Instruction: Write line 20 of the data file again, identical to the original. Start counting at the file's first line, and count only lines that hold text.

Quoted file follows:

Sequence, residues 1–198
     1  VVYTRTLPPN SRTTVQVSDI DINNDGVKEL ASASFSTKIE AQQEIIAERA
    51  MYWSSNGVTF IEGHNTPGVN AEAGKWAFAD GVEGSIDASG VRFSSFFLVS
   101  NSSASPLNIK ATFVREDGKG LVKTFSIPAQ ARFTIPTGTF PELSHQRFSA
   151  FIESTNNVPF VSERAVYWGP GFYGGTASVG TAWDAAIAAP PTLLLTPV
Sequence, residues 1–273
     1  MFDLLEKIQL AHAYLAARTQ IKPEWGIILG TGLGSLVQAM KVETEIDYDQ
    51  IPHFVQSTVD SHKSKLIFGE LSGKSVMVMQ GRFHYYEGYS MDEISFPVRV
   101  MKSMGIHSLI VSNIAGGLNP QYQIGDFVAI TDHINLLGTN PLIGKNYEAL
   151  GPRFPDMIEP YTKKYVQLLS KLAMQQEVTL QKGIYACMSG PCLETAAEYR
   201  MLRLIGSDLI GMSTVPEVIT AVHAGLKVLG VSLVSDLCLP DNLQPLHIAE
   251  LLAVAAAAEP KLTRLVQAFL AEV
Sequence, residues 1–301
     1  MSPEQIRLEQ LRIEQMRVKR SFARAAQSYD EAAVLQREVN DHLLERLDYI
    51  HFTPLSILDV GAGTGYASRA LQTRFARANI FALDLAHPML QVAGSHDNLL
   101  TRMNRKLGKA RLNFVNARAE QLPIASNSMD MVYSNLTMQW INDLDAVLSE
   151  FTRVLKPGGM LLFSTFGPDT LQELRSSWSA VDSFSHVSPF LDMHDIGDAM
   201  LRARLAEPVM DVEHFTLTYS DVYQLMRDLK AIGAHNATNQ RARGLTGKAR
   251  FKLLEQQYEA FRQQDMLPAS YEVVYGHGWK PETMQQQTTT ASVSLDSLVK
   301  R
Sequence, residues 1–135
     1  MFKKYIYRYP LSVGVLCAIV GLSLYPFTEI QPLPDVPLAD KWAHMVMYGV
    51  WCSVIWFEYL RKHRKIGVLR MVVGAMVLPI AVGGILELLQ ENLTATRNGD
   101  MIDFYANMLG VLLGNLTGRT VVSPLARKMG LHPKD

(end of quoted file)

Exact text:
   301  R